Date: Sun, 09 Jun 2019 20:04:53 -0400
From: Ken Hornstein <firstname.lastname@example.org>
| Secondly, I guess it all boils down to the semantics of the real and
| effective userids.
Not entirely, but that's part of it.
| My understanding is the real uid is supposed to
| indicate the "real" user sitting at the keyboard
No, that's not it (and the questions of what the keyboard or "sitting at"
might mean has nothing to do with it). The real user id is the id of the
user who caused the command to be executed (or in some cases, the
sequence of commands). The effective user id is the id whose privs
are to be used while running the command. (Most of the time, of
course, they're the same).
Neither of those has anything in particular related to who "logged in"
(if anyone did) -- except that both of those users needed, at some time
in the past to have interacted with the system to set up, or commence,
the sequence involved.
In all of this the "user" is a virtual thing, whose relationship with
any particular human is tenuous at best (almost any kind of mapping
How anything like communication with a particular human (which e-mail
is generally assumed to accomplish) is made to work in this environment
is something of a miracle (and a whole bunch of happenstance and chance).
| My understanding is that when the effective uid is different than the
| real uid is that you are in a special privilege escalation state, you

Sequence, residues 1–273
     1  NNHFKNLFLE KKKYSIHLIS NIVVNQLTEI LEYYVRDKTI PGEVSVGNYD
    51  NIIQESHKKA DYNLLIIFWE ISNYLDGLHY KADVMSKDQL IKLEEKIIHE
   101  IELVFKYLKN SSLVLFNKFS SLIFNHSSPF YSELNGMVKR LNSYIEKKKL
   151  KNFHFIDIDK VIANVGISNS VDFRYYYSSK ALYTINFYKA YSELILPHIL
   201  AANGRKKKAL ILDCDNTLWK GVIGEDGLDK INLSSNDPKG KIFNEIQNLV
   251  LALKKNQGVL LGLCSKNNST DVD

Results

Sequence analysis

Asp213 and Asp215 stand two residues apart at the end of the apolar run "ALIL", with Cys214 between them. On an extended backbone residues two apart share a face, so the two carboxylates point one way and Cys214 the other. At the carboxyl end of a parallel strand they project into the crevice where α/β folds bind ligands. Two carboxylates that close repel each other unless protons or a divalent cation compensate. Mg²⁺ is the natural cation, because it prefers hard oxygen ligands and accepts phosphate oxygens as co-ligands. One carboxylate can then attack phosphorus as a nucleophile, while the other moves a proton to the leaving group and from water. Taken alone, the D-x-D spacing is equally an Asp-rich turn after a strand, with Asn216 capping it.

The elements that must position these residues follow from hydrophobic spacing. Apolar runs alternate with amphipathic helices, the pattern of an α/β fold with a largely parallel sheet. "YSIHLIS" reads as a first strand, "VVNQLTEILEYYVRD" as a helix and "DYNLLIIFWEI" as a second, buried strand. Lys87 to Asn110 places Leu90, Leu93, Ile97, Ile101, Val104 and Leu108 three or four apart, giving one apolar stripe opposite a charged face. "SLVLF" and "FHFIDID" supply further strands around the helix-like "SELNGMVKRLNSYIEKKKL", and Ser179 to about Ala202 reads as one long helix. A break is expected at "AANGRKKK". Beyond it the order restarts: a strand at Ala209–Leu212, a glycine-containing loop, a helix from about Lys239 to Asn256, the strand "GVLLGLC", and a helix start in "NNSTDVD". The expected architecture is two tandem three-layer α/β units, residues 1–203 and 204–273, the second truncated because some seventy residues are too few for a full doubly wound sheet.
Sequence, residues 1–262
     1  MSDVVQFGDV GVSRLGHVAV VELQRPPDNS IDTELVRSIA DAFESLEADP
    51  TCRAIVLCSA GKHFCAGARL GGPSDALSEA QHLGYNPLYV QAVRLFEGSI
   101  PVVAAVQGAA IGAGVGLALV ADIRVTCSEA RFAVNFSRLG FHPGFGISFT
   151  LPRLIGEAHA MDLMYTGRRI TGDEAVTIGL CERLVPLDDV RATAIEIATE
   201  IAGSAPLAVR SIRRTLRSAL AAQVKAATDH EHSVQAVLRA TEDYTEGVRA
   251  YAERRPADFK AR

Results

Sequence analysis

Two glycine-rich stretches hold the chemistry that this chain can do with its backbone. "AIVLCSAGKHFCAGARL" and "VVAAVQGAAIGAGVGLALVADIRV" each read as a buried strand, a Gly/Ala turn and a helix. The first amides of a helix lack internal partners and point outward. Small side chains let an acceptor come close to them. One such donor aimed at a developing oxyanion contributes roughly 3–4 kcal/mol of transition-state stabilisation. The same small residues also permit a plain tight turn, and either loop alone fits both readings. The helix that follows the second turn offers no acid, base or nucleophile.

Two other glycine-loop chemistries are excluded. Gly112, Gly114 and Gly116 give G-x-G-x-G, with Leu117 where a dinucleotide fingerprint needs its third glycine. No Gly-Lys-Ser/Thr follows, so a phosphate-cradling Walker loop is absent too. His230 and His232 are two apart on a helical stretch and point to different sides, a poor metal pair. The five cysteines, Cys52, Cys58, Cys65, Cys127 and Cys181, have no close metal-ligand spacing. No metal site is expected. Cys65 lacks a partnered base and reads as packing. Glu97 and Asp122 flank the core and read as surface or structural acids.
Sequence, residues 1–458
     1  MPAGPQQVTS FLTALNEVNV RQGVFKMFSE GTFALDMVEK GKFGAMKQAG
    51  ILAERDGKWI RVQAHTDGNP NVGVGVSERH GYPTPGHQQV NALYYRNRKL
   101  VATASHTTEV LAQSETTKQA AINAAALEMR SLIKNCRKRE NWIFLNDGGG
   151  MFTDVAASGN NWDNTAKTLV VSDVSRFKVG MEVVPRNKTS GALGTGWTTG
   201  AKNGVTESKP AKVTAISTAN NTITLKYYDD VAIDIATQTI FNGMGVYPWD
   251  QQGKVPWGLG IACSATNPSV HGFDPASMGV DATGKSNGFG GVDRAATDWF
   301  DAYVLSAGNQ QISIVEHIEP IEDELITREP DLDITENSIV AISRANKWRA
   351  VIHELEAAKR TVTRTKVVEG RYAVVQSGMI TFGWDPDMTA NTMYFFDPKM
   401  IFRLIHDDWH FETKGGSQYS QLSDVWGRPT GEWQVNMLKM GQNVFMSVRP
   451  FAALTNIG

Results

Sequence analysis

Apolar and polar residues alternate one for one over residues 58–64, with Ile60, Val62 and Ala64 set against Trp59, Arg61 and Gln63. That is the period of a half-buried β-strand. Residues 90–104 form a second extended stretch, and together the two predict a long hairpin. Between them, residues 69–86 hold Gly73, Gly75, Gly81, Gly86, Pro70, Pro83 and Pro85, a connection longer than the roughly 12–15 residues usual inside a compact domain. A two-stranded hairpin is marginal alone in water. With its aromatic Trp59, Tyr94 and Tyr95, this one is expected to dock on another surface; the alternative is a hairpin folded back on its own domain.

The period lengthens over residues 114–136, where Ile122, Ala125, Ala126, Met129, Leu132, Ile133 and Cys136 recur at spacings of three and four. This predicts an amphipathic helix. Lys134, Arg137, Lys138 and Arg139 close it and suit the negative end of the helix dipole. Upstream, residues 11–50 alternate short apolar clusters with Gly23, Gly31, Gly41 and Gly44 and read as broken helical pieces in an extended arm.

| should keep the escalated privileges only as long as you need them
| and give them up when you are done.
escalation is the wrong word, modification might be better - we generally
think of it as escalation, as the most common effective uid is 0 (root)
which is an escalation, but it need not be - commands can be setuid to
nobody (the user name, I don't mean the antonym of anyone) which is
almost never any kind of escalation.
But otherwise approximately right .. though sometimes the effective user
(which has the perms) decides to also become the real user and continue
that way, that's what su/sudo do - so it isn't always just access some
file (or create a socket, ...) and then revert to the real user.
| So given all of that it strongly suggests to me that the default
| maildrop name should be based on the real uid (like it is now).
I doubt that the effective uid is the answer, that I agree with.
I really cannot imagine a sane modern use case for having inc setuid, or
invoking it from a setuid command that has not make real==effective
before invoking it though ... I'd suggest that anyone in this day
and age who makes inc setuid (or runs it so that it is) deserves
whatever bogus behaviour comes their way (long, long, long, ago it
was necessary on some systems, for the same reason setgid has sometimes
more recently been used - except before anyone had thought of having
a group "mail" and simply had the maildrop directory only writeable by